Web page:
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Aarron Sholar
Noodle Expert Member

February 27, 2020

Colleges advertise their clubs all around campus, so what should you do?

Sports, language, and interest-centered clubs. Extra curricular clubs are a major part of any american university. From the moment you step foot on campus as a freshman to when you walk the stage as a graduate, you’re encouraged to join this or that club. How are you supposed to balance time between them and classes? How do you know which club is for you?

Personally, I’ve always been skeptical of school clubs. I was sort of in my high school’s after school GSA (Gay Straight Alliance), but it was more akin to sitting in a room with my friends and talking. When I joined my college’s GSA, I couldn’t get what I wanted out of it while getting through the semester. Today, though, I’m able to manage going to one of my favorite college clubs while maintaining my excellent performance in classes; it was just a matter of finding the right club and people.

After I fell out of my school’s GSA, I was absent from any clubs for nearly two years. I figured I had to focus on my schoolwork and had no time to spare for them, however, my view on school clubs would soon change.

When I was a Junior in college, one of my best friends got very into Super Smash Bros. He began to watch videos and learn how to play competitively, so he would show and tell us all about it. Since I had the game at my apartment on campus, he would often come over and we would play together. He eventually learned of a club on campus that would get together and have Smash Bros. tournaments every Friday. He went one week, but I was too nervous to tag along; however, I decided to check it out the next week he went.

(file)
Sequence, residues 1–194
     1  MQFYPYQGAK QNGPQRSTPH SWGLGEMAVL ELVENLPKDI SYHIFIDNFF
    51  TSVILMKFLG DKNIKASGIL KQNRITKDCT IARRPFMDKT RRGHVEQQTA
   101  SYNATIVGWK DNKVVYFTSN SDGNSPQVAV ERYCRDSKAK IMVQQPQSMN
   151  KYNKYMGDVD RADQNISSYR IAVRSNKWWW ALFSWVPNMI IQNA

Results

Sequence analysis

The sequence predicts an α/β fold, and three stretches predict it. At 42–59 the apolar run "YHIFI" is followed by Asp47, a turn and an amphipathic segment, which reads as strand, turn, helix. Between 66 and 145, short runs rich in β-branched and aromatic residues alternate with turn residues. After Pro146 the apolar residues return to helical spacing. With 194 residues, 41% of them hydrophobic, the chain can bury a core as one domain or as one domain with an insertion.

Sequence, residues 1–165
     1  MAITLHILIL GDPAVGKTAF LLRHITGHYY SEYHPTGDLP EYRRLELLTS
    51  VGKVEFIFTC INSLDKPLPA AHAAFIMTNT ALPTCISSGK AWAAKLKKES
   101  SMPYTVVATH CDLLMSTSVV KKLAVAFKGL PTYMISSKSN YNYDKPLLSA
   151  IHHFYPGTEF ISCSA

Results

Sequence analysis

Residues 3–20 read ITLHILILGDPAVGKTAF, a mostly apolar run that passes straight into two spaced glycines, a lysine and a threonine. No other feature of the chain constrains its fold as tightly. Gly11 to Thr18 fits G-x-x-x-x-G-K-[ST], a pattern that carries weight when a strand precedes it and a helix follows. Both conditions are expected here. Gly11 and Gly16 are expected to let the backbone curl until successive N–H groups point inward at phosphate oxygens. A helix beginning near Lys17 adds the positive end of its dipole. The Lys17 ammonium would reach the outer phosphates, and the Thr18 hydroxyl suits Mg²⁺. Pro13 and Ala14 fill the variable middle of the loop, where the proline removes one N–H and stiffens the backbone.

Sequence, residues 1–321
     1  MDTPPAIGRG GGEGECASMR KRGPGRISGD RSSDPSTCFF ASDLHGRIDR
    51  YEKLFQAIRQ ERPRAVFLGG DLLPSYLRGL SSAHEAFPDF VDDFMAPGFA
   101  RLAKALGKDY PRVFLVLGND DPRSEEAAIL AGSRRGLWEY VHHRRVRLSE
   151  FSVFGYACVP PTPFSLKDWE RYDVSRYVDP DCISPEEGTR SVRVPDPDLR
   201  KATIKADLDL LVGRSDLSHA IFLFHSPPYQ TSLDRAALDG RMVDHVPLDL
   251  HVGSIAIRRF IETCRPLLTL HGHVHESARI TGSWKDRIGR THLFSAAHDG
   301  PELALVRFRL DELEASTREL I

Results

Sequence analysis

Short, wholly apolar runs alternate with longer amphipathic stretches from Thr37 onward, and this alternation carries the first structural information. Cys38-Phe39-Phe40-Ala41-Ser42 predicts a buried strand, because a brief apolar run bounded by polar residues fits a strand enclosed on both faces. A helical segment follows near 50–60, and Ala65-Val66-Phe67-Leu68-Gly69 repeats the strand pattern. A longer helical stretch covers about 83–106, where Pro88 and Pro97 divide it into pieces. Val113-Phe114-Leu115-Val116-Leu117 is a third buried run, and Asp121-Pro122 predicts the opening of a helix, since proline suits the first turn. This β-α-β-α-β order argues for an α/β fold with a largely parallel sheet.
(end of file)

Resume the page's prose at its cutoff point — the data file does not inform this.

This club fit in perfectly for me. I grew up playing these games, so I already enjoyed them. The club met at times when me and my friends would already hang out, so the time was already set aside to kick back and relax (as much as you can in a small gaming tournament), and the guys who ran and attended it were insanely welcoming and friendly. After being intimidated for a few weeks, I finally settled in, and now I’m bummed that I’ll be leaving the club after I graduate.

I want to stress not to force yourself to join a club. You can try them out for a few weeks, and you can stop going whenever you want, whether you don’t like one or you don’t have the time to commit to it. If you eagerly want to find a club to join, try looking for one that either peaks your interest or that you’re already interested in. If you can find a club that fits well into your downtime schedule, that’s even better! Clubs shouldn’t be forced or stressful, find one that you enjoy and can attend with ease!

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